The hardest thing to do in the AMC business is build trust. And once we build trust, as a brand, the consumer should have a variety of products. That said, we are a full-service AMC with a collection of boutique teams. One of the things that is unique about us is that we have a separate team to manage hybrid and solution-oriented funds. In most AMCs, hybrid funds, which is an extremely large category, is managed part by equity, part by fixed income. So, we have a hybrid team that does more quant strategies, model-driven strategies. Then there is a long-only team that does pure play fundamentals.
AMC business for the listed players has high margins. As a young AMC without a readymade distribution network to bank on, would you say that setting up the infrastructure is the largest cost for you, apart from say, employee costs?
If you look at the legacy AMCs, they have been around for 20, 25 years and they have a book where they are paying very low trail (commission) on assets. So that naturally makes it very profitable. Actually, we have not seen an AMC that has come up in the last seven or eight years getting listed. In the new regime, I always say, you could build assets in the AMC business, but profitability is much harder. From being loss-making in 2017, we have moved to being profitable last year and I think we will be meaningfully profit-making this year. So we’ve done this journey while making investments in the business. We went from seven locations to about 35 in the last five or six years. We really invested in people and talent. For us, in terms of branch expansion, we work on a very thin model. So, it is really about finding one talent and having very peripheral costs around talent. And we see that we are able to break even in 18-24 months in any centre that we open. That’s been our historical experience. In fact, in many locations without having branch presence, we have a little bit of asset base already because the brand is getting there. We have relationships with good distribution partners. And so, it’s just capitalising from that. And we would like to expand a little gradually. So in 2017, we didn’t go out and say let’s open 60 branches. We said, let’s build as we can, let’s get to break even, let’s get to being profitable. And even now, we add 30 branches gradually over next two/three years.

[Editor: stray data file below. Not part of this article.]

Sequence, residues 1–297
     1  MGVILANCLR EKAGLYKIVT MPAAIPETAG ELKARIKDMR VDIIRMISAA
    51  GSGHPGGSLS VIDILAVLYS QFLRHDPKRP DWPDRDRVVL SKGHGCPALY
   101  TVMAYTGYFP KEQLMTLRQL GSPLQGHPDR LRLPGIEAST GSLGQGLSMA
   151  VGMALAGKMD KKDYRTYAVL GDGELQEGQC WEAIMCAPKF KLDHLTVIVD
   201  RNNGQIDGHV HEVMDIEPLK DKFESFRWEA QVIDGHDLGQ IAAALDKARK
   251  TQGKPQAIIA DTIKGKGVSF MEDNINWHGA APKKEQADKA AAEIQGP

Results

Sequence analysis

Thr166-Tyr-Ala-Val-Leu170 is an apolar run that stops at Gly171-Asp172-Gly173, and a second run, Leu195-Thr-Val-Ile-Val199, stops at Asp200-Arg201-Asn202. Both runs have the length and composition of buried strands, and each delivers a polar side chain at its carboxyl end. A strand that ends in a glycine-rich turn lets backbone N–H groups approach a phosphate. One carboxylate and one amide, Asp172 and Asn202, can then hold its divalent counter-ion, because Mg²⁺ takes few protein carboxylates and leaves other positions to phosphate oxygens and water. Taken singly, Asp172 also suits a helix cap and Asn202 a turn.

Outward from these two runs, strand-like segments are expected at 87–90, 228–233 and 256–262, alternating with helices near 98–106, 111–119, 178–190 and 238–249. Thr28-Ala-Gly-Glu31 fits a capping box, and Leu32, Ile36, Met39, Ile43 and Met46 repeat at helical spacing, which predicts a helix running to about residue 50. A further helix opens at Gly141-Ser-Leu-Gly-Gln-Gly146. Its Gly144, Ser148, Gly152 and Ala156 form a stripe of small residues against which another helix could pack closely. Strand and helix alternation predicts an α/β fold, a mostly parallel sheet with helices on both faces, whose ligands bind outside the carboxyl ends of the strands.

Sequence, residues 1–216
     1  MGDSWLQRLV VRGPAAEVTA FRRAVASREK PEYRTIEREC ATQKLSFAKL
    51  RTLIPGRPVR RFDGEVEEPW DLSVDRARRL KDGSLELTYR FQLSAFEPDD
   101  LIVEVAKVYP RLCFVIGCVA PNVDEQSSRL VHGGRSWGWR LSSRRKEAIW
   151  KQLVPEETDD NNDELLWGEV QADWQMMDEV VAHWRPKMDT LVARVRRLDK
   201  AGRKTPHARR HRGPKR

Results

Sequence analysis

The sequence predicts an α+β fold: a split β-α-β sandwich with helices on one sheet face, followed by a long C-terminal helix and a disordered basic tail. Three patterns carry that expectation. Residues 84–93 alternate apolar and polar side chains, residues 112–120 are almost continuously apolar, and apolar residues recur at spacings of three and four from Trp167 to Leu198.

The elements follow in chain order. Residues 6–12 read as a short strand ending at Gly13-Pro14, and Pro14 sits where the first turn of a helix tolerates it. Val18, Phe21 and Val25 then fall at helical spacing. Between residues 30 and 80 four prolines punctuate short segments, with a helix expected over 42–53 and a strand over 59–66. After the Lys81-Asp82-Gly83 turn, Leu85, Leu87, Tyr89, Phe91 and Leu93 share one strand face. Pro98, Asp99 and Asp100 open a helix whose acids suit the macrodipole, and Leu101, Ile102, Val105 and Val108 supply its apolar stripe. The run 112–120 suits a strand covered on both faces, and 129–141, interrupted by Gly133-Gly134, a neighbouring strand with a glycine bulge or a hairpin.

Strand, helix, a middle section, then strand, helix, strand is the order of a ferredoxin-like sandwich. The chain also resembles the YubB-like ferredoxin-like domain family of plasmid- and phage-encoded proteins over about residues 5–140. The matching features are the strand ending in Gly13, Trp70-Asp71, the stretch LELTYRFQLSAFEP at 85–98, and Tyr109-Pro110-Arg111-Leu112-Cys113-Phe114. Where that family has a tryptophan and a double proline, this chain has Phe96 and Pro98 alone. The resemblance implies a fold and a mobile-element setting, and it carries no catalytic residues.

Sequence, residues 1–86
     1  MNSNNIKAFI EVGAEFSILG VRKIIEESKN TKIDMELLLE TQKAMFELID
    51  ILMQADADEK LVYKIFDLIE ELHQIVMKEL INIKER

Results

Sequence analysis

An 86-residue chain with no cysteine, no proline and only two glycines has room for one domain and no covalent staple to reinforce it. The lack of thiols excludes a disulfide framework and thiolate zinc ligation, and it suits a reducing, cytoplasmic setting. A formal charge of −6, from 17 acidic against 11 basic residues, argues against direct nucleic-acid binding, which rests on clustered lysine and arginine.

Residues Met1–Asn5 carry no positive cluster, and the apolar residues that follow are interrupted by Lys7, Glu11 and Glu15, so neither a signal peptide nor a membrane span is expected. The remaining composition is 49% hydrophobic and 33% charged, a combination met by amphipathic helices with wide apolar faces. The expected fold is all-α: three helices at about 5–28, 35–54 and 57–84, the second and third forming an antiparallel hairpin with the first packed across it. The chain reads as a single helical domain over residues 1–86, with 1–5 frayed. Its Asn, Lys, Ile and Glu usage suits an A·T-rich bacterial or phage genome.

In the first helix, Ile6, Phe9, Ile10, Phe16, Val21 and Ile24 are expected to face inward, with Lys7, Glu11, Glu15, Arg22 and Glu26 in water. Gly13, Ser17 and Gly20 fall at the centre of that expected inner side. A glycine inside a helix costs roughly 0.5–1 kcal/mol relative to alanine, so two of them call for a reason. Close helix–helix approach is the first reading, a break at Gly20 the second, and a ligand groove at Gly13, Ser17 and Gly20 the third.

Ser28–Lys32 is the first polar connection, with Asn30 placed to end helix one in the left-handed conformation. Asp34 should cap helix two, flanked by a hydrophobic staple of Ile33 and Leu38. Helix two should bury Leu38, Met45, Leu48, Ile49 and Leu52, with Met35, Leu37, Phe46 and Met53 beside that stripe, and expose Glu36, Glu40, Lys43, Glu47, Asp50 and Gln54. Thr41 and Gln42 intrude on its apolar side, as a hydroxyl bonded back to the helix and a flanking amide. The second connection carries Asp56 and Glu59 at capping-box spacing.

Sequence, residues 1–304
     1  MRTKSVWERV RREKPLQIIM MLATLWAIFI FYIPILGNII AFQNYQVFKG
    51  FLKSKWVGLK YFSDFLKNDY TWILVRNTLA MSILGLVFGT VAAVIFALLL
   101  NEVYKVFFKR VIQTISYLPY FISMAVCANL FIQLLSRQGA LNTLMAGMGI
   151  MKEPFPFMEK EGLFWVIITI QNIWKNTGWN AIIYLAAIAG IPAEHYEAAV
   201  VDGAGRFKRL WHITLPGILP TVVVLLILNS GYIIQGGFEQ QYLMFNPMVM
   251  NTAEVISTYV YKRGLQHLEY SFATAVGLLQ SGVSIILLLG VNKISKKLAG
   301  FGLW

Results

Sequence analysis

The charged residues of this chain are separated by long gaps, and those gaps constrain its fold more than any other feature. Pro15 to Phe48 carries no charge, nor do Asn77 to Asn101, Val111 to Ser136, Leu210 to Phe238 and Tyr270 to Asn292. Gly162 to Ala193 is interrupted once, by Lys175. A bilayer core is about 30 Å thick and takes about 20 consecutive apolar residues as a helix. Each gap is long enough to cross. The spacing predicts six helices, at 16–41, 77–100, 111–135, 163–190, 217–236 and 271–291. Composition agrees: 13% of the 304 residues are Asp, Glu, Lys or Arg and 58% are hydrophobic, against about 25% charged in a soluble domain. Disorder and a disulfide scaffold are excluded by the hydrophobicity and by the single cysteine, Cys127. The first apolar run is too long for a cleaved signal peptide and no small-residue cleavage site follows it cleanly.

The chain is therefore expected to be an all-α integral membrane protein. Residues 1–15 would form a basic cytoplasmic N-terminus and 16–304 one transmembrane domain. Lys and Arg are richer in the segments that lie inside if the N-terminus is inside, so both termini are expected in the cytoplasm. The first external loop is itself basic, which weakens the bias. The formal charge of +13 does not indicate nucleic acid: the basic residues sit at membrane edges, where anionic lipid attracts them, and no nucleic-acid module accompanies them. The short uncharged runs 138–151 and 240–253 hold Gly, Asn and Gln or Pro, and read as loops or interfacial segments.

A SEBI consultation paper released last year spoke of smaller AMCs being at a disadvantage and suggested AMC level TERs (total expense ratio). Would that help you?